When living in Japan, one of my favorite end of year customs was “oosouji,” the “big cleaning” that takes place between mid-December and the New Year’s holiday. Rooted in Shinto concepts of purification and the belief that gods of fortune won’t visit dirty houses, it’s also practical: New Year’s is when the family gathers, and it’s better to welcome them somewhere clean, and to not have to take time from visiting with loved ones for chores. Schools, offices, and homes are cleaned top-to-bottom, and everyone is expected to get involved: students at school, bosses at work, and even children at home pitch in to care for their shared space.
The benefits of this are mental and physical. Many chores like cleaning curtains or gutters live in the back of our mind as vague irritations; we know we should do them, but unlike dishes or laundry, we rarely have to tackle them at a particular moment. An end-of-year cleaning puts the pressure on to get around to everything that’s been ignored, and you can leave the niggling thoughts of what you should be doing in the old year, coming into the new year with a clear mindset.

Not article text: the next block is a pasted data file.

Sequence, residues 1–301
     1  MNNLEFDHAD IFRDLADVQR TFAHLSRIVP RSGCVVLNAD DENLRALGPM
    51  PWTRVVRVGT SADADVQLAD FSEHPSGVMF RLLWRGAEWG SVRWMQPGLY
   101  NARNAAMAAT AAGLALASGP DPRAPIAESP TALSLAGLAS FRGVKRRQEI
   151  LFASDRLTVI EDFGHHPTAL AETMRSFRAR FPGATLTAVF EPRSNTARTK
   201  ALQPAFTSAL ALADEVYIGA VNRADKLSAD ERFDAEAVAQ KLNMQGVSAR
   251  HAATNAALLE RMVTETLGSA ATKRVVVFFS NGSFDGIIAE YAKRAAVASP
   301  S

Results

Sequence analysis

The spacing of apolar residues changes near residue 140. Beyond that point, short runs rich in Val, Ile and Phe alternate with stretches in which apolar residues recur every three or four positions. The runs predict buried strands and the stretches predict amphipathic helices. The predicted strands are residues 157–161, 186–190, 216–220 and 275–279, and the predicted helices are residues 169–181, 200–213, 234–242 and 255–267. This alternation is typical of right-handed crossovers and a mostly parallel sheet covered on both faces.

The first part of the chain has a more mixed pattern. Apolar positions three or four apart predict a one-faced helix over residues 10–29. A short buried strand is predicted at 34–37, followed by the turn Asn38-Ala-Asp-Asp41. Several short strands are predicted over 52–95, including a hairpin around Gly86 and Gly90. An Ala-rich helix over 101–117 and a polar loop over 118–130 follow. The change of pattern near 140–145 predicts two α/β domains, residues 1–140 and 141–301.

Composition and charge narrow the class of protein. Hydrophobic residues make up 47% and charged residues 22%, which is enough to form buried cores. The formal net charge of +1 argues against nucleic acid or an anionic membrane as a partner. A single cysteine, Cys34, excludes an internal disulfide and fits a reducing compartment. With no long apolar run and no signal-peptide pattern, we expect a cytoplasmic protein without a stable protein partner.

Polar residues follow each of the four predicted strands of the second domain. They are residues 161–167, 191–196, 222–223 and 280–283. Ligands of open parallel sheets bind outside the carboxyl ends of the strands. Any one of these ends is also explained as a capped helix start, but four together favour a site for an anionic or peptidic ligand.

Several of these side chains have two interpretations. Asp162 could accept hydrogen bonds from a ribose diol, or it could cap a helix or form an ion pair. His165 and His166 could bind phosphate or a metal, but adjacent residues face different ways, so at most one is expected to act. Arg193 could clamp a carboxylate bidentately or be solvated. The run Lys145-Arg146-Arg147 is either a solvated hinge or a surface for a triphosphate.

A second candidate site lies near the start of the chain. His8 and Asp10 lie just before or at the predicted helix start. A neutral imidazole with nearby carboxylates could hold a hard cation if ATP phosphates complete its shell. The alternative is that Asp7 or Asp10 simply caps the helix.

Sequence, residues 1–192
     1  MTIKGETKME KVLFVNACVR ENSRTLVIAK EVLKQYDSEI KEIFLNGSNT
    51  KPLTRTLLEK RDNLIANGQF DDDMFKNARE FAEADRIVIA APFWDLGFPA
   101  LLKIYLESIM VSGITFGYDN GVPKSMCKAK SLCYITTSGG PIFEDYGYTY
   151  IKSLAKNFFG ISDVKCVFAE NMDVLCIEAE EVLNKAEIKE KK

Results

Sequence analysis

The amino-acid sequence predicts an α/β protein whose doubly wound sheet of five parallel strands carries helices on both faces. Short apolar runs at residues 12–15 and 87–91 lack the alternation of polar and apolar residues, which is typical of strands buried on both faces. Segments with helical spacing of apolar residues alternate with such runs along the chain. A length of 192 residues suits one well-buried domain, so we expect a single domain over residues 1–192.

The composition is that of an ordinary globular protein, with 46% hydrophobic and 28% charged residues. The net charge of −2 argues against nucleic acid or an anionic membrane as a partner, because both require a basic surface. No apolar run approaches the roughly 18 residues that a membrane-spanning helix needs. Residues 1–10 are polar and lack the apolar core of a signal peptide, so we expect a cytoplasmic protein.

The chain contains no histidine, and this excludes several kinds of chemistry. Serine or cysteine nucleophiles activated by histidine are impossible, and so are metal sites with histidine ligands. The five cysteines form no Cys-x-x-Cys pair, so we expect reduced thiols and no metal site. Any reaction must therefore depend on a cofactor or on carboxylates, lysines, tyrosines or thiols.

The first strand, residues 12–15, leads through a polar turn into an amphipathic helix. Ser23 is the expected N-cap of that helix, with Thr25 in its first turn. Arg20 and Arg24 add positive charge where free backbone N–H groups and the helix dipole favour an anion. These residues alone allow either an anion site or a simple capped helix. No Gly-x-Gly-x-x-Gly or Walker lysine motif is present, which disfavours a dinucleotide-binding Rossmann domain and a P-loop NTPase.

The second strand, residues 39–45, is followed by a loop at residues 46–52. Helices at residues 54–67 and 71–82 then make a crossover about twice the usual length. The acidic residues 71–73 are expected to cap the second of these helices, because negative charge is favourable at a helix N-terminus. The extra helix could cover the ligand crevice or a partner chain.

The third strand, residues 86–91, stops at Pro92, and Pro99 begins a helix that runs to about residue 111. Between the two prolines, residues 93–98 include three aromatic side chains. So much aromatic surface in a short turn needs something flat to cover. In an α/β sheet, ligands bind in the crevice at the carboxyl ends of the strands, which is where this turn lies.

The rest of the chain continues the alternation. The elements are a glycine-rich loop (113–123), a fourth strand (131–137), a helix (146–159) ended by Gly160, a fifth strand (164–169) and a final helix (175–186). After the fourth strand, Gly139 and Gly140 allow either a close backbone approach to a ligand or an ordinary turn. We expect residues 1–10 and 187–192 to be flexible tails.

Tips for making the most of end-of-year cleaning:
- Make a schedule to divide up larger chores rather than trying to tackle everything on one day or weekend.
- Take advantage of holiday sales to replace things that are broken and stained.
- Clean out your closets, and take unnecessary winter items in good condition to local homeless shelters and other charities. Coats and gloves are in demand in many locations.
- Get creative with what counts as cleaning. Are you someone whose mail bubble has a frighteningly high number of unread messages? Getting to inbox zero is another form of clearing out what you don’t want to take into the new year. Going to be moving abroad in the next year? Get your paperwork sorted now, so all you have left is to look forward to the adventure.
Happy holidays, and happy cleaning!
Written by Kate Havas, Content Manager